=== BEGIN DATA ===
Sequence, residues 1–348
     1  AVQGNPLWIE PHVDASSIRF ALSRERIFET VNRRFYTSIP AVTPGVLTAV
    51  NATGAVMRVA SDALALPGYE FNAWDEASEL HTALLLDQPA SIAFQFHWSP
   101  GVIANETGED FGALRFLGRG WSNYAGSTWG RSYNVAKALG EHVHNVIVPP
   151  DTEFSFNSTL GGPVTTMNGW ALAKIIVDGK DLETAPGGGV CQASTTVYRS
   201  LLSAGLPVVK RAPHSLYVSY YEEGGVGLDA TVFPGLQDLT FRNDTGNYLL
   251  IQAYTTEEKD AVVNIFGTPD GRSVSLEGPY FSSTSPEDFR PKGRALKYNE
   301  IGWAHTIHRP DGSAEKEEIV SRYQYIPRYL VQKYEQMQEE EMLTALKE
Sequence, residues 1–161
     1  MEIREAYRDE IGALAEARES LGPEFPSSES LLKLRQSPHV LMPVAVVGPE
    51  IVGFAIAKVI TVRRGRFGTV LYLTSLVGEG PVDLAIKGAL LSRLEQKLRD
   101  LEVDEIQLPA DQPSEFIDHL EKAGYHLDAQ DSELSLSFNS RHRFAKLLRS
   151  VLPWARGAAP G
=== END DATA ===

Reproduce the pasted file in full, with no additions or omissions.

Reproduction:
Sequence, residues 1–348
     1  AVQGNPLWIE PHVDASSIRF ALSRERIFET VNRRFYTSIP AVTPGVLTAV
    51  NATGAVMRVA SDALALPGYE FNAWDEASEL HTALLLDQPA SIAFQFHWSP
   101  GVIANETGED FGALRFLGRG WSNYAGSTWG RSYNVAKALG EHVHNVIVPP
   151  DTEFSFNSTL GGPVTTMNGW ALAKIIVDGK DLETAPGGGV CQASTTVYRS
   201  LLSAGLPVVK RAPHSLYVSY YEEGGVGLDA TVFPGLQDLT FRNDTGNYLL
   251  IQAYTTEEKD AVVNIFGTPD GRSVSLEGPY FSSTSPEDFR PKGRALKYNE
   301  IGWAHTIHRP DGSAEKEEIV SRYQYIPRYL VQKYEQMQEE EMLTALKE
Sequence, residues 1–161
     1  MEIREAYRDE IGALAEARES LGPEFPSSES LLKLRQSPHV LMPVAVVGPE
    51  IVGFAIAKVI TVRRGRFGTV LYLTSLVGEG PVDLAIKGAL LSRLEQKLRD
   101  LEVDEIQLPA DQPSEFIDHL EKAGYHLDAQ DSELSLSFNS RHRFAKLLRS
   151  VLPWARGAAP G